November 21st, 2004
Introducing DualPhone (via VoIP Watch)
The Cordless DUALphone is a cordless telephone that can be connected to a normal telephone socket and a USB port on a PC. The display shows whether your friends who also use Skypeâ„¢, are online. If they are, you simply have to press the appropriate green button and talk to them for free â€“ no matter where they are in the world. If their PC is switched off, or you want to call someone who doesnâ€™t use Skypeâ„¢, you simply press the other green button and call via the standard telephone connection.
I am ordering it right now!
November 4th, 2004
I was invited to attend VoiceComm 2004 which started today. Despite its grand sounding name, it is actually just a vendor (Cisco) 2 days seminar, well, with a few other Cisco customers talking about their IP Telephony experiences.
Nevertheless, what is surprising is the number of people who turns out at the event. The keynote delivered by Michael Frendo (VP of Voice Technology Group in Cisco) filled up the whole Threate (350seats) and they have to setup video broadcasts in other rooms to handle the overflow. It is definately a good sign that a vendor event could attract so much attention from the industry :-)
November 3rd, 2004
How come a Nethead turns into a Bellhead when placed in the â€œvoiceâ€ environment?
This is the best statement I have heard in the last weeks (and I have heard many, being at the VON), because it explains an issue I was wondering recently:
How come that virtual VoIP Service providers (I considered them netheads up to now) start begging for regulation?
Interesting perspective but I could think of only one answer: Regulation certainity is critical before you invest millions of dollars. You don’t want to get sue after you launch your (successful) services.
Secondly, not all regulations are bad ideas. Regulation, if done properly, are meant to provide a level playing field (where there is market failure) and provide market certainity (especially in a heavily competing/confusing situation). Unfortunately, more often then not, it is not very well done but the fault is bad regulation, not regulation itself.
September 21st, 2004
There is a APEC TEL NGN Brainstorming session this morning. I was one of the speaker for the session and did a presentation on IP Telephony and ENUM.
Singapore also made a contribution on both IP Telephony and Spectrum management. Both my presentation and Singapore contribution was well-received by the participants and I got a lot of feedbacks after the session.
IDA also announced a proposed policy framework for IP Telephony and ENUM this afternoon1 and it is open for public consultation! It is a long journey for our virtual team who has spend over a year on this!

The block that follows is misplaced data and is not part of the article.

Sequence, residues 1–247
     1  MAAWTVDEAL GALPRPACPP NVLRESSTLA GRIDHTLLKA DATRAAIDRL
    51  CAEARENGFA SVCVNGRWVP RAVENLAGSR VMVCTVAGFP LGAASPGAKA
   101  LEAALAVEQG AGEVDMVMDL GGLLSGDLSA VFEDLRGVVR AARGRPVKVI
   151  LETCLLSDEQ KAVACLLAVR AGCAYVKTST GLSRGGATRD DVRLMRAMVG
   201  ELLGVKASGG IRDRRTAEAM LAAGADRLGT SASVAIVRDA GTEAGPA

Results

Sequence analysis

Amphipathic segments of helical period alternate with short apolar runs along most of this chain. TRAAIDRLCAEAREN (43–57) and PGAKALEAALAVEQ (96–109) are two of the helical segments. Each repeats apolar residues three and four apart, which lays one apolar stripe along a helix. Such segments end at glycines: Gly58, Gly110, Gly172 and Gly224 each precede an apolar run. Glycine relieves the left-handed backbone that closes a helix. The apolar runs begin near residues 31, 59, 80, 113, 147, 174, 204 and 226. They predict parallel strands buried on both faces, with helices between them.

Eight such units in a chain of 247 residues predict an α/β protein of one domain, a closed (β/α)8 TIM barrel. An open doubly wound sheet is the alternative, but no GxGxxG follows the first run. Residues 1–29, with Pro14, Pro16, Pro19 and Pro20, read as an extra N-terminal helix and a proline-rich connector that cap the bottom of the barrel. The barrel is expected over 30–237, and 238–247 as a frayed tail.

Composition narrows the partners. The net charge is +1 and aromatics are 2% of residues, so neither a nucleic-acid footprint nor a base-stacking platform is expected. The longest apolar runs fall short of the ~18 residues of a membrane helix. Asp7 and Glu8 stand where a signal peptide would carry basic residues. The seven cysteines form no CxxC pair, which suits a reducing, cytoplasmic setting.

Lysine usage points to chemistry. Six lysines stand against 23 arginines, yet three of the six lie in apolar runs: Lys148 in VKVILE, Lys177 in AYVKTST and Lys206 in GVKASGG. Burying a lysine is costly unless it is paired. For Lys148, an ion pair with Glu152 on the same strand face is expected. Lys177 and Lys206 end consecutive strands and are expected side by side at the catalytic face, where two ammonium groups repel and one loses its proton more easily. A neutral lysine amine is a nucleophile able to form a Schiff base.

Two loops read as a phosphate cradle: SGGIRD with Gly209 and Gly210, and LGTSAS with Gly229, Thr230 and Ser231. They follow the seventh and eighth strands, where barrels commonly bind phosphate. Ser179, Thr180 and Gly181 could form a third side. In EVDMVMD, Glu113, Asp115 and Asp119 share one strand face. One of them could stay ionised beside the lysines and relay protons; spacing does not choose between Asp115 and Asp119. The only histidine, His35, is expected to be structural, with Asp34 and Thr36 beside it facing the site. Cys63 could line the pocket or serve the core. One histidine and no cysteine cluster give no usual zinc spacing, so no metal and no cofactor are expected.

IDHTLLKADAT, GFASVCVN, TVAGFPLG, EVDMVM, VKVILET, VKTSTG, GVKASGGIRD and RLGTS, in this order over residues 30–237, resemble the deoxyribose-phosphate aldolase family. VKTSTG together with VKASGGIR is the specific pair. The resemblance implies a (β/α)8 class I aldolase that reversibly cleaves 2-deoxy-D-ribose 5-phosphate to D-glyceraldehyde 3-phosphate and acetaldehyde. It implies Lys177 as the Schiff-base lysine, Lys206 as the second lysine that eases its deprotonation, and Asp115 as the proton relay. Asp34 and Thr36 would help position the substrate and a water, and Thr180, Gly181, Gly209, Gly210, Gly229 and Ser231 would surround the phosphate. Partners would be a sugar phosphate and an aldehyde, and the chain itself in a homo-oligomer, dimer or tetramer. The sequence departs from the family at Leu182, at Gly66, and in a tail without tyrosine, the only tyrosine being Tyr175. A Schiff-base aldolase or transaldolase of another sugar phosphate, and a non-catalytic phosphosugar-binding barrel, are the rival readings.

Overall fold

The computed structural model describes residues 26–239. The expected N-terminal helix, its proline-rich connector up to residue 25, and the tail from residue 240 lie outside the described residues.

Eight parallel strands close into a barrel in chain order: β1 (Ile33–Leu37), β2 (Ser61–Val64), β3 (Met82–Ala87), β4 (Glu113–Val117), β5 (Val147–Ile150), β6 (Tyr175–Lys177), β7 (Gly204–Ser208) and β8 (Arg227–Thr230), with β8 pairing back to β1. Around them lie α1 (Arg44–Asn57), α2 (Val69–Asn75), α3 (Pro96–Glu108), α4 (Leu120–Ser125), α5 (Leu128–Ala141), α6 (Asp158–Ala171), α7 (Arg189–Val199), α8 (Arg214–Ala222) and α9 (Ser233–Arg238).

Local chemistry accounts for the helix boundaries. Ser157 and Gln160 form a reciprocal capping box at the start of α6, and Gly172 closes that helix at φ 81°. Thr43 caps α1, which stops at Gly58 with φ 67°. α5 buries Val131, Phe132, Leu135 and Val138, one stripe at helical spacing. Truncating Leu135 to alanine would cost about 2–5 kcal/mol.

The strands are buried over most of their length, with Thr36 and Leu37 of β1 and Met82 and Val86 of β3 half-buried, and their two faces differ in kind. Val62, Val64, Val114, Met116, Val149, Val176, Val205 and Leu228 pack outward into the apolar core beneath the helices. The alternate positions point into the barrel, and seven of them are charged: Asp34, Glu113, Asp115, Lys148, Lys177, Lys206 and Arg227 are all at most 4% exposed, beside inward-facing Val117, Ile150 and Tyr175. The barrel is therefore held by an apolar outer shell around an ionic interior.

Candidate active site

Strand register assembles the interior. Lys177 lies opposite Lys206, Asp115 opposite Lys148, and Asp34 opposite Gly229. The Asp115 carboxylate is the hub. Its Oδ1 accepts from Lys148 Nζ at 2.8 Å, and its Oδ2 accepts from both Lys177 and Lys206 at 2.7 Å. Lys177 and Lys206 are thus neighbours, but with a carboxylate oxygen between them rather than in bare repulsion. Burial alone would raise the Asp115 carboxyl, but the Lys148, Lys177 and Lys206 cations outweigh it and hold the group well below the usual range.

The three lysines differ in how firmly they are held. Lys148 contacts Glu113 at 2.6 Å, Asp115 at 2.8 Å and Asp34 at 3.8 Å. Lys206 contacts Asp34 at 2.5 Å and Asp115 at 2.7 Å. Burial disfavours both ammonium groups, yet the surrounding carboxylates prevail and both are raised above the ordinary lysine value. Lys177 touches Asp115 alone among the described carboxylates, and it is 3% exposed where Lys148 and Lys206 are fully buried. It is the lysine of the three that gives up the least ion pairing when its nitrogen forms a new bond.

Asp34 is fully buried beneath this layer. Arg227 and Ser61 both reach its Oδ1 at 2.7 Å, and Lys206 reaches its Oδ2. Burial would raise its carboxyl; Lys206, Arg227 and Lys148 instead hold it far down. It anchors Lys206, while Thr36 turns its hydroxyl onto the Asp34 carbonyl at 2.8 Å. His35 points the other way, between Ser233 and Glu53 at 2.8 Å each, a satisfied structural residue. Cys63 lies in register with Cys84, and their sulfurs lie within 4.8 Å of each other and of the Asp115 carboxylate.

As part of its continuing efforts to engage the public in policy development to benefit the infocomm industry, the Infocomm Development Authority of Singapore (IDA) seeks views on the policy framework to facilitate the introduction of Internet Protocol (IP) Telephony and Electronic Numbering (ENUM) in Singapore…more…
1. IP Telephony will be classified under SBO(Individual) license instead of the more heavy FBO license.
2. Licensee is entitled to apply numbers in a new number block +65 3xxx xxxx.
3. Optional interconnection with PSTN, no QoS, no emergency service and no universal obligation.
It is as light touch as you can get … :-)
1 In other words, it is not announced by me.
2 There is also a short explaination of IP Telephony & ENUM.
August 31st, 2004
Oh yes! Finally, Skype for Mac OSX! (via Joi Ito) Just in time for my trip next week in Korea for the OECD Antispam Workshop. Yea!
August 11th, 2004
In August Wired edition:
Wired: First, carrier fought number portability. Now you won’t unlock out phones. Why shouldn’t I be able to take my handset from Cingular to another carrier?
Ryan (Cingular VP): It’s about user experience. If you had a T-obile phone and switched to Cingular, you could run into problems getting mobile browsing and picture messaging working. Cingular’s customer care may not be in a position to know exactly how a T-Mobile phone is configured, and vice versa.
I nearly chocked on “it’s about user experience”, thinking maybe it is a joke. But sadly, it isn’t.. Sadder still they still think their customers are silly people who couldn’t configure their mobile phone.
Well, here’s a clue for you, Mr Jim Ryan. Look at your mobile subscribers numbers and check out the percentage of below 20s. And then go back home and asked who can programme the VCR. You may not know how but I am willing to bet your children can.
Sorry, please call a customer tie-in tactic as a customer tie-in tactic and stop hidding behind this vile “it’s about user experience” excuse.
August 2nd, 2004
FCC conducted a Global Roundtable discussion on IP-based services (basically just VoIP) 2 days ago (30th July) and the webcast is available online. (via Jeff Pulver).